Hyponatremia can lead to serious neurologic sequelae, and thus hypotonic fluids should initially be avoided. Hyponatremia also frequently occurs when parents or other caregivers attempt to rehydrate children with fluids with inadequate amounts of sodium, such as water, juice, soda and Gatorade.7 Caretakers should be advised against giving inappropriate oral rehydration solutions on scene or en route to the hospital.
A Cochrane Library database review found no significant clinical differences between ORT and IV therapy for treating dehydration secondary to gastroenteritis in children. ORT did have a higher rate of paralytic ileus; however, the IV group has all the risks related to IV placement and therapy. For every 25 children who received ORT, one failed and needed IV hydration.11 Other rehydration methods include nasogastric, intraperitoneal, subcutaneous, intraosseous and rectal rehydration. Unfortunately, there are few clinical trials that evaluate the efficacy and long-term safety of some of these techniques. Nasogastric rehydration has been adequately studied. It is a safe technique with minimal adverse effects and has been found in four different clinical trials to have efficacy similar to IV therapy.1 NG rehydration can be performed using nonsterile oral rehydration solution.
Intraosseous rehydration is also as effective as IV therapy.1 Furthermore, IO access is sometimes faster and more reliable than IV access; however, it should only be reserved for crisis situations.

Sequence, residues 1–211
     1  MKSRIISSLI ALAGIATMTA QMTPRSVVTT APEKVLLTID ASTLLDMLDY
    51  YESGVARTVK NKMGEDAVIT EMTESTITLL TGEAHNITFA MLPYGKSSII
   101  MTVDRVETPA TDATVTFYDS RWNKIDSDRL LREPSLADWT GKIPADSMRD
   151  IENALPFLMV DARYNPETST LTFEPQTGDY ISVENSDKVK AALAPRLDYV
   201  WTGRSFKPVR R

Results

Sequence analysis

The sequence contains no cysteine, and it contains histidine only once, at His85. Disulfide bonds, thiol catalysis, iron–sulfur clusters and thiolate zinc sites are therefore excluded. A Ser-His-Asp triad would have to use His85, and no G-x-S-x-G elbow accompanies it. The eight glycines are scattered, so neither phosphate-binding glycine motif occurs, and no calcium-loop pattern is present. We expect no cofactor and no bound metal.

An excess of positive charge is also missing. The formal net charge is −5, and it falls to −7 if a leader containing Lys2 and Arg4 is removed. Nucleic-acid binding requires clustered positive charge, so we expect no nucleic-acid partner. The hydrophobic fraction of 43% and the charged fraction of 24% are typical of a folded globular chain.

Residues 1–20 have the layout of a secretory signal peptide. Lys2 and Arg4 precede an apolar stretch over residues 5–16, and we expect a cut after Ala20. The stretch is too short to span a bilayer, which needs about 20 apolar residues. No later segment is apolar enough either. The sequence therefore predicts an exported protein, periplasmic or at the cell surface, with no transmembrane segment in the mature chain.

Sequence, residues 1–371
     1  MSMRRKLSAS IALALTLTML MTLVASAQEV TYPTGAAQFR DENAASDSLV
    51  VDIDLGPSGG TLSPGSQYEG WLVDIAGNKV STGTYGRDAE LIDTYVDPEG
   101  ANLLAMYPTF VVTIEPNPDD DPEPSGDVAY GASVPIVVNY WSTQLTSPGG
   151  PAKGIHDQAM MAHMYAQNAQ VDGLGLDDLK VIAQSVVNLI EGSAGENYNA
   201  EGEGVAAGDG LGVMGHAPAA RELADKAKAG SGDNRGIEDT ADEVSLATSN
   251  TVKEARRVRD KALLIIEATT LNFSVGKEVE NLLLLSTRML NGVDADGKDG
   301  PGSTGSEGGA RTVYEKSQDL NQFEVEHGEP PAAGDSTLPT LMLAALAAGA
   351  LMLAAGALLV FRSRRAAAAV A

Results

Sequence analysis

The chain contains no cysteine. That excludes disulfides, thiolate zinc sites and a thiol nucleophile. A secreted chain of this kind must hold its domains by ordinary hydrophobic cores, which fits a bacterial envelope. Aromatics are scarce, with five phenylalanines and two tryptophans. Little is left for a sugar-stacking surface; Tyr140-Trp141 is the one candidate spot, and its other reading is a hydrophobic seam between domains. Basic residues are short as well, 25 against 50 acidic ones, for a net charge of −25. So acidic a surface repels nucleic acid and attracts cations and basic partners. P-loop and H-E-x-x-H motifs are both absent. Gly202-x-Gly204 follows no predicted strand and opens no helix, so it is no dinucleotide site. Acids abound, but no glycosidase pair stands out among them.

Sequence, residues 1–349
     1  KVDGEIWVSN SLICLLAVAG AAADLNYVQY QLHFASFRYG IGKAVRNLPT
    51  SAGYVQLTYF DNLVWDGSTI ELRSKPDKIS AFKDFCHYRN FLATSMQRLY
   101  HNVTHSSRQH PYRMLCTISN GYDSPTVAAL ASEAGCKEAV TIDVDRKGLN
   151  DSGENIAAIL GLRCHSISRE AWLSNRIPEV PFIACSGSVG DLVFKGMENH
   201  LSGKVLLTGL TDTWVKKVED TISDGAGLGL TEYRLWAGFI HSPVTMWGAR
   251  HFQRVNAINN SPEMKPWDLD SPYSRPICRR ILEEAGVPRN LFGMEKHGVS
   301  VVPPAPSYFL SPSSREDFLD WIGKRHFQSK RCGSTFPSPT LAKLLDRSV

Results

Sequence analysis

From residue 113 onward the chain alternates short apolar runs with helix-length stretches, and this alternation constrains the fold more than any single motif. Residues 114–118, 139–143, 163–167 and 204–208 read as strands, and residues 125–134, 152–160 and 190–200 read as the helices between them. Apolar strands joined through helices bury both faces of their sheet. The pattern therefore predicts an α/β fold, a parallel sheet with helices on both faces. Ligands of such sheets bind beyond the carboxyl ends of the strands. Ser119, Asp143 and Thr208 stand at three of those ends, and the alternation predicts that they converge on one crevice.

Case 1: According to all scales for the evaluation of dehydration, this baby classifies as severely dehydrated. His mental status is poor, and he has multiple signs on exam indicating the severity of his dehydration.
Additionally, his vital signs show mild tachycardia, corresponding with low intravascular volume. His respiratory rate and blood pressure are appropriate for his age. This baby should receive a 20 ml/kg bolus of isotonic crystalloid fluid either IV or IO (if IV access fails) and be transported to the hospital immediately. As for the etiology of his dehydration, he likely suffered from acute viral gastroenteritis. He may have been infected with a virus at daycare and subsequently developed symptoms. The organism is unlikely bacterial given the baby’s lack of fever, lack of blood in the stool and relatively short duration of symptoms.
Case 2: This child is dehydrated, though clinically less dehydrated than the infant in case 1. She is mildly lethargic and has dry and sticky mucous membranes; however, her capillary refill and skin turgor are normal.
Additionally, she has a normal respiratory pattern. With the exception of a fever, the rest of her vital signs are appropriate for her age. According to the WHO and Gorelick scales (the appropriate scales for the age of 4 years), she can be categorized as mildly dehydrated given her mental status and dry mucous membranes. She does not require IV therapy unless she does not tolerate ORT. As for the etiology of her mild dehydration, her presentation is suspicious for meningitis. Transport her promptly to the hospital for further evaluation.
Dehydration occurs frequently, and young children are at increased risk. Recognize key clinical signs such as abnormal capillary refill, abnormal skin turgor and irregular respiratory pattern. If in doubt about the severity of dehydration, give a 20 ml/kg bolus of normal saline and transport the child to the hospital.